Given a grammatical sentence like "Colorless green grass sleeps furiously" is it possible to assign a truth value to it?
Only some sentences have truth values - those that do are called propositions. The given sentence isn't a proposition so one should not expect it to have truth-values.
Propositions are a small part of meaningful sentences. For example 'Hello, how are you?', 'that was wicked!' are meaningful sentences, but they aren't propositions. The sentence 'the invisible worm that flies through the howling storm' is meaningful in context, which is a poem by Blake - The Sick Rose - and here the 'Rose', is not just a Rose; but also England and/or perhaps Nature; to gather its full meaning one must engage in the the hermeneutics of intepretation taking account of Blakes ouevre and his influences.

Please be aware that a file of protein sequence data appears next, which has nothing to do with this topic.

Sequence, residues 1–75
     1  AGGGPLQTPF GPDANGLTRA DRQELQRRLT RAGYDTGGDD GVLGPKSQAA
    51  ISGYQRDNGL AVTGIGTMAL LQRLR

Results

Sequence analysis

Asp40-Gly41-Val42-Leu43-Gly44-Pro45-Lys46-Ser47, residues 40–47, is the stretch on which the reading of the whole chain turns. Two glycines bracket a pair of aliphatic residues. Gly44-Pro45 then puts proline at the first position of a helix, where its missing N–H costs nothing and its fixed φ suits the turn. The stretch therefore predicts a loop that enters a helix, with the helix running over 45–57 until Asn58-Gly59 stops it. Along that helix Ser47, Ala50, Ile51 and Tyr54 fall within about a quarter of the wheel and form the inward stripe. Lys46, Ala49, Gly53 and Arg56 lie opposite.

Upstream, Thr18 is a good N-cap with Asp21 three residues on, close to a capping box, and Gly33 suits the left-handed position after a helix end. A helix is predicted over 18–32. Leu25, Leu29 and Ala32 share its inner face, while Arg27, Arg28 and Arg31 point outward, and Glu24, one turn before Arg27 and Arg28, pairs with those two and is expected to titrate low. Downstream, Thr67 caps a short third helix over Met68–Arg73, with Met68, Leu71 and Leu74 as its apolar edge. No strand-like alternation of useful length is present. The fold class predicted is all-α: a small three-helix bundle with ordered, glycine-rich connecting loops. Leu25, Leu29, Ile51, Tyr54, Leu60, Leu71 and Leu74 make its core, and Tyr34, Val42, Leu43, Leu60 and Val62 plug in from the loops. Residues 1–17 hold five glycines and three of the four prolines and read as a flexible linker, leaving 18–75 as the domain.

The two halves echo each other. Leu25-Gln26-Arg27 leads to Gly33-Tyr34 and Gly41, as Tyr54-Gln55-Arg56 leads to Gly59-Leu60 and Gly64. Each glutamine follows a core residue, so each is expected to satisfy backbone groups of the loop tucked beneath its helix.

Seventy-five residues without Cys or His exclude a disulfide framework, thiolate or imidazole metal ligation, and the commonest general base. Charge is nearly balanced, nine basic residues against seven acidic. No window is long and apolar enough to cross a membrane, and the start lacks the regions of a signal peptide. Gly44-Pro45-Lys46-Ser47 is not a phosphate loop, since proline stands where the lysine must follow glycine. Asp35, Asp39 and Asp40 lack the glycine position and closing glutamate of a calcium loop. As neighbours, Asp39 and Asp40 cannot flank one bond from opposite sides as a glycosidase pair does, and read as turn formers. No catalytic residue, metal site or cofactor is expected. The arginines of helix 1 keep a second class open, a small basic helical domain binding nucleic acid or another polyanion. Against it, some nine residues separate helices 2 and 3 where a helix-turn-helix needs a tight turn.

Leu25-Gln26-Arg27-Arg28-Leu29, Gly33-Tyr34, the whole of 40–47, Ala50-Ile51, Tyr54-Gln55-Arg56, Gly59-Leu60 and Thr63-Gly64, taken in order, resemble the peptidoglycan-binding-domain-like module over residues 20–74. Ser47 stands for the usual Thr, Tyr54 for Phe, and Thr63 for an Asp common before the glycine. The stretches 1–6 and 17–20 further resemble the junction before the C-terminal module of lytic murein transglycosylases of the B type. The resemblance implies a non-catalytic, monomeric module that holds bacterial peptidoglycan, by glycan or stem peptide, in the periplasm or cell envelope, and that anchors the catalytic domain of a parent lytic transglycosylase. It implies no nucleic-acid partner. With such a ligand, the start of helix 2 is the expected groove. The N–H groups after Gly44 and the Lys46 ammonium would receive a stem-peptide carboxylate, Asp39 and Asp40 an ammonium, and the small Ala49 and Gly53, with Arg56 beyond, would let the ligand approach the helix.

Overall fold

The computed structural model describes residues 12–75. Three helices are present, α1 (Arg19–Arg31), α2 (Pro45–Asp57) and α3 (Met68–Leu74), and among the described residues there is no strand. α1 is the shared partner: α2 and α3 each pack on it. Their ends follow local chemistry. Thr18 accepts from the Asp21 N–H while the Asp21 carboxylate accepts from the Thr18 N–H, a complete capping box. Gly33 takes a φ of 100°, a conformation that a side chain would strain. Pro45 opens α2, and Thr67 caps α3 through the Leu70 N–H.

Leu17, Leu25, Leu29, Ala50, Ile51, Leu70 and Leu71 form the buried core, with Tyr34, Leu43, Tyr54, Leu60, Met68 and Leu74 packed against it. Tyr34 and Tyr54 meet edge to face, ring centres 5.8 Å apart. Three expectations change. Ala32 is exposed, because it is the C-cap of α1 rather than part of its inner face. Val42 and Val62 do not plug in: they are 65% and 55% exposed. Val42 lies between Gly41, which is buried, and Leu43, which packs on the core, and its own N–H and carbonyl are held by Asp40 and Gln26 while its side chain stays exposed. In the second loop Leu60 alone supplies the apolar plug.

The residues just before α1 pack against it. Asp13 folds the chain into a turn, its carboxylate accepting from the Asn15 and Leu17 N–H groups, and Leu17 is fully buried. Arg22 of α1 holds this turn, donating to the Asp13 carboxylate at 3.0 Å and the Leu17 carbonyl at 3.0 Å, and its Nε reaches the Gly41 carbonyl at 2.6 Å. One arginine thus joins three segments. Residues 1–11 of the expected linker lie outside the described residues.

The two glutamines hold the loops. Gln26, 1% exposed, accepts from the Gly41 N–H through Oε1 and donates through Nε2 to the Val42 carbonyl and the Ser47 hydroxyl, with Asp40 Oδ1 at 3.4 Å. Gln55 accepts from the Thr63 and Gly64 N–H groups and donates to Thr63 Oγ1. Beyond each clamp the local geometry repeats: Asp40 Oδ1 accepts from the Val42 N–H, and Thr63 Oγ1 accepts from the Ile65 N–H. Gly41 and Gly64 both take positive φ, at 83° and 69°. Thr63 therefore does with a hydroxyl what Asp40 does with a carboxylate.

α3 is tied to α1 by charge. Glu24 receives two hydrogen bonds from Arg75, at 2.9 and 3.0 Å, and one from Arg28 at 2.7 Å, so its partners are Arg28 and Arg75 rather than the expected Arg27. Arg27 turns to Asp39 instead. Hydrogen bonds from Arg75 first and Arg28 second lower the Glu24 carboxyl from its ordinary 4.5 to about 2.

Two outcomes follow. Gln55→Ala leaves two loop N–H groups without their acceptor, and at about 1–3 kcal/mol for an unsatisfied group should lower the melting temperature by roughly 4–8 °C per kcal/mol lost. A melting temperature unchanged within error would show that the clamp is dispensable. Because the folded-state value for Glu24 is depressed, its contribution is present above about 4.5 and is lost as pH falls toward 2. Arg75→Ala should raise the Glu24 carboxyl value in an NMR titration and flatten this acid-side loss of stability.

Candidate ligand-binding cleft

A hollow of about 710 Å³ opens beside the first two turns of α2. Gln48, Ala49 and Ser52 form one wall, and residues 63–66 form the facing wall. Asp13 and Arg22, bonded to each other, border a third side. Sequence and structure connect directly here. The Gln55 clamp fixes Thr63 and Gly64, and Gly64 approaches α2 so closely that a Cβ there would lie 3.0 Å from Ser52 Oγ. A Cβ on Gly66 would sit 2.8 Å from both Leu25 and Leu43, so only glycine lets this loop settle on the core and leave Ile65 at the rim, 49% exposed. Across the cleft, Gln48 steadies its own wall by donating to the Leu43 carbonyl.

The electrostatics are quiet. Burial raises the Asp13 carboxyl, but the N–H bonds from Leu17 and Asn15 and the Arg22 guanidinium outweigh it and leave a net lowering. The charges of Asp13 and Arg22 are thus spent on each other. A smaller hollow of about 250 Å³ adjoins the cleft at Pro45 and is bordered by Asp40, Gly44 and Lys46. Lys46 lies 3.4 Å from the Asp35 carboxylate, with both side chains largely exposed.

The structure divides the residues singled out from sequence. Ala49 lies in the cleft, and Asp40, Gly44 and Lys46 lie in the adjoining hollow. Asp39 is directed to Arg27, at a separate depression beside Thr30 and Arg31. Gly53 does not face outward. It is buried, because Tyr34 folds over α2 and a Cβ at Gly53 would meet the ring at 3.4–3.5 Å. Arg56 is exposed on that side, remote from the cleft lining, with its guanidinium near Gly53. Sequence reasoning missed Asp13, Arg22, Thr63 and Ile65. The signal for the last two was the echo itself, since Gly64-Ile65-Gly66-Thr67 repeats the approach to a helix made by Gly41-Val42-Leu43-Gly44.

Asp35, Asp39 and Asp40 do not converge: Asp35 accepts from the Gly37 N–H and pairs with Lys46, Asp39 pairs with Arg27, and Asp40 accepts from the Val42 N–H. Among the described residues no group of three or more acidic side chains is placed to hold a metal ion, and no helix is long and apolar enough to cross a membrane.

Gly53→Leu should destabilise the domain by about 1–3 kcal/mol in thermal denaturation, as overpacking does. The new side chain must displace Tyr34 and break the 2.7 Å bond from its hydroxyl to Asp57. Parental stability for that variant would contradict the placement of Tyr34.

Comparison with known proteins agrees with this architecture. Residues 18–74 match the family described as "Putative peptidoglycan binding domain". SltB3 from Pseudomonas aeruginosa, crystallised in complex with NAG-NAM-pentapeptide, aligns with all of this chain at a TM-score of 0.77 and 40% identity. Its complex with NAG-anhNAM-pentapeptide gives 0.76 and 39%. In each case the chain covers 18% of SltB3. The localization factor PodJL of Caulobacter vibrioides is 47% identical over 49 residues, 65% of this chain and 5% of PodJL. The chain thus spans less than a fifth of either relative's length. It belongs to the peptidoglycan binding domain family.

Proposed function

But to go back to your sentence - or rather Chomskys; as he suggested it as an example of a gramatically correct sentence but that it lacks meaning; this is correct in one sense, but not in another; the meaning of this specific sentence is the one that Chomsky gave it:'grammatically correct but lacks meaning'; this appears as a reflexive contradiction - but the contradiction is only apparent; Chomskys notion of meaning is a narrow one - the one alluded to earlier; it would be an interesting study to specify just how narrow.